Back in Alego I check the biogas plant at the school. Things are not functioning, as they should, since as compared to my expectation too little gas is produced. Together with some young people from Sauti Kuu I dig out the plant’s hose and rinse it thoroughly. We pin the clean hose and seal the connection with silicone – unfortunately with no luck. But I won’t be so easily intimidated and look forward to an absolute highlight that is on the agenda later today: two employees of Sauti Kuu will take me to Ndori. First, we have dinner and then go to a club. I’m amazed by the fact that almost all the guys in the club are dancing whereas most of the girls are just watching the scene. The club fills up later in the evening and we have a swell time. By the way, Kenyans dance to similar music as Germans.
The next morning, the serious side of life waits for me. Somewhat discouraged, I note at the school that the biogas unit produces little gas. What is to be done? First, I seal a small hole with some silicone that lets through cow dung – which of course should not happen at all. Then I put a balloon over the outlet of the system so that no gas can escape during my work on the plant. Once I regulate the outlet a little, the balloon fills but sadly, it doesn’t fill up with gas. “Somehow, this is all quite mysterious,” I think to myself. When I remove the balloon I notice that gas leaks from the outlet, but as soon as I connect the gas cooker instead of balloons, I can’t create a lasting flame. What does that mean? Well, I still have a lot to do. At the market in Alego I pick up a huge pineapple meet with children from Sauti Kuu. With a pocketknife, which I inherited from my great-uncle, I cut the pineapple into small, bite-sized pieces and share it with the children. Later, I teach two young people, who are helping me, about chemistry. In return, the two help me learn some Luo dialect (the language that is spoken here in the region). With this in mind: Oriti! – (That means “goodbye”).”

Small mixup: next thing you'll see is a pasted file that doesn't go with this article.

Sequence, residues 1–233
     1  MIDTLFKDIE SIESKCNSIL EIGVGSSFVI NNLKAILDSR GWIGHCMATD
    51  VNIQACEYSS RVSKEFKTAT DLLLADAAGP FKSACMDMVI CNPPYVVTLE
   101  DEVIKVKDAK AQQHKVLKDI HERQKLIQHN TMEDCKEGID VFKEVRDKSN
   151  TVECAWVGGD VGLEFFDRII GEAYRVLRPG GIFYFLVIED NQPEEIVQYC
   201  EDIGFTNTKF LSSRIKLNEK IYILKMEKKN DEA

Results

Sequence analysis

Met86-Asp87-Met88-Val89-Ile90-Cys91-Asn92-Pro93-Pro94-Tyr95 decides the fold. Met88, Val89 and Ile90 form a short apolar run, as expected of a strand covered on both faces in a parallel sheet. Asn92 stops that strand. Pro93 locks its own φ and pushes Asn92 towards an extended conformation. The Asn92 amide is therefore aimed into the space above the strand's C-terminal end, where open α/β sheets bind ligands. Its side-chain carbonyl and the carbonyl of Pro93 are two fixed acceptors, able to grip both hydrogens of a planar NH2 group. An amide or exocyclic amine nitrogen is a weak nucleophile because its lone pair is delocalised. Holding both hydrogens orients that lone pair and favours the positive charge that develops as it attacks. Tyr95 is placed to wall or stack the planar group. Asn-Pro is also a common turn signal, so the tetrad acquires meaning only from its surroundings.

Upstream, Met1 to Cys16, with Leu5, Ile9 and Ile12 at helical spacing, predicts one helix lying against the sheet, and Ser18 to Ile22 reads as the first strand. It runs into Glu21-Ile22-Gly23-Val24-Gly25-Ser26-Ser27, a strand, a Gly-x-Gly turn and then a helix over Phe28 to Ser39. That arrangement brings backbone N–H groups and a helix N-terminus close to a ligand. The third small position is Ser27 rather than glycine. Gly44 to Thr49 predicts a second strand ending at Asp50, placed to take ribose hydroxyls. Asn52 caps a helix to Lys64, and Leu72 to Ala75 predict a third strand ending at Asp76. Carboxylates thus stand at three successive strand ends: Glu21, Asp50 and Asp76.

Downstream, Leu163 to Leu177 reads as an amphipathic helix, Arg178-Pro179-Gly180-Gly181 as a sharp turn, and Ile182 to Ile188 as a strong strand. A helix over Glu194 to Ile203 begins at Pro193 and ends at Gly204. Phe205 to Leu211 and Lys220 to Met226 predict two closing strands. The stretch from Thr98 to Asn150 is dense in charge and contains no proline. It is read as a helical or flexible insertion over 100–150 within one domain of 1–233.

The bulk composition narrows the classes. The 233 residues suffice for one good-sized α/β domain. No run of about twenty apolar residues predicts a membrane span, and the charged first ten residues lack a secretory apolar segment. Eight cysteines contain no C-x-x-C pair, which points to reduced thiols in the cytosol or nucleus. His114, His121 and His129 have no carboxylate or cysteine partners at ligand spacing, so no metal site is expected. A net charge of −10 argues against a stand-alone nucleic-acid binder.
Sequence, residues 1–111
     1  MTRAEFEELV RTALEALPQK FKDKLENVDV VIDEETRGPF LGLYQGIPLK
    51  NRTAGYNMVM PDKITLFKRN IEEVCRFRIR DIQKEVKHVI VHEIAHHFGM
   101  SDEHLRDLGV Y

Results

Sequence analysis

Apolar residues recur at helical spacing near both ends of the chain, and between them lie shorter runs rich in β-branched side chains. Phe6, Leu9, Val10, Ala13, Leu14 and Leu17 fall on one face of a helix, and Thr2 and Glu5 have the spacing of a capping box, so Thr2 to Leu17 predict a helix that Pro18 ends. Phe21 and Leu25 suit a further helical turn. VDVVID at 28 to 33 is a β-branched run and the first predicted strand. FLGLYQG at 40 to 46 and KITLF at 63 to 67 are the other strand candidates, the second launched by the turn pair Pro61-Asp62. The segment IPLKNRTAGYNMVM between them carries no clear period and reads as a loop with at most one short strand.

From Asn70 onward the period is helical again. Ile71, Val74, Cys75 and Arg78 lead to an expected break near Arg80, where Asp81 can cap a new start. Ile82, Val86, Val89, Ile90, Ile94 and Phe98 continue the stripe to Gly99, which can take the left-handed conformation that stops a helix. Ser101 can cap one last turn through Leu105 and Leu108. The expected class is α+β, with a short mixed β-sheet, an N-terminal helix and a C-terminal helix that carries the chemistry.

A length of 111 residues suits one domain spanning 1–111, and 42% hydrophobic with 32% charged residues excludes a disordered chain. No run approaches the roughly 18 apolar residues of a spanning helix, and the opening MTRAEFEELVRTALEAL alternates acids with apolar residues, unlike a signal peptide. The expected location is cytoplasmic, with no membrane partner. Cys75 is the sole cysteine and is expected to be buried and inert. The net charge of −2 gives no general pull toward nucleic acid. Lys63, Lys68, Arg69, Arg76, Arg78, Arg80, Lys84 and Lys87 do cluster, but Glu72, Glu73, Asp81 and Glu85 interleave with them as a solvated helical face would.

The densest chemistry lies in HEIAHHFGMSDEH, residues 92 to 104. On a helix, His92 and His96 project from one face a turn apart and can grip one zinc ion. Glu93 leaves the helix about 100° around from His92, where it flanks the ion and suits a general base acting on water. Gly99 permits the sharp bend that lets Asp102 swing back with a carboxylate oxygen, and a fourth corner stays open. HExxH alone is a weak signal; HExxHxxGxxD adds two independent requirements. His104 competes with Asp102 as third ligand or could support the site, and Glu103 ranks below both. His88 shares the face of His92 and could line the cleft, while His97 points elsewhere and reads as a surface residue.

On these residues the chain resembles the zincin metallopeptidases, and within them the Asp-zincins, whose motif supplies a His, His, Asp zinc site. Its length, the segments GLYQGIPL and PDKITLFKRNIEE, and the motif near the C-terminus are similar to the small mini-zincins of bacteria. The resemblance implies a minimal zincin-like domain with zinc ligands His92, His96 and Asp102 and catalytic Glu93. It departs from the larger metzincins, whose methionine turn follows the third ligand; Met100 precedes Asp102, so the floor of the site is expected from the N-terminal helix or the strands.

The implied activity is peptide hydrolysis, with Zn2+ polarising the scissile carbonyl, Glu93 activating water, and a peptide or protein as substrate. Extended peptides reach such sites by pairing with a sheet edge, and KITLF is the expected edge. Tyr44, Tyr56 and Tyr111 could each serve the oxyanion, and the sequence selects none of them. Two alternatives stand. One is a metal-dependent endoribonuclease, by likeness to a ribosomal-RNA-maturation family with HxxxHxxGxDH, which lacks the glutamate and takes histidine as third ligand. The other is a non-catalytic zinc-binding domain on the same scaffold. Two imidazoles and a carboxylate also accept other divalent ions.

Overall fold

My experience of a Sauti Kuu Retreat in August 2013
Konstantin returned to Sauti Kuu a year later:
In August 2013 I had the opportunity to once again work as an intern to support the work of the Sauti Kuu Foundation in Kenya. This time I was there to do an Evaluation of a week long Retreat-Workshop of the Personal Development and Character Building Program, which was held at the Sauti Kuu Banda in Alego Nyang’oma for 50 young Sauti Kuu people from the Alego and Nairobi programs.
I wanted to connect my interest in youth development in an intercultural context with the valuable practical work Sauti Kuu was doing in this area. This research was conducted in preparation for my Bachelor Thesis in Psychology. While it was difficult to prepare ahead from a distance while I was in Germany, a structured plan of action emerged when I was in Kenya that fit in with the workshop’s concept and my academic line of thought. I wanted to research how certain psychological resources in ourselves are strengthened, and what conditions were necessary for them to develop. I used the following parameters to conduct my study: “general self-efficacy beliefs”, as in the global basic trust in one’s own competence in dealing with difficult challenges, as well as a so called “pro-active attitude” characterised by the experience of one’s personal purpose based on experiencing meaning and direction based on personal values.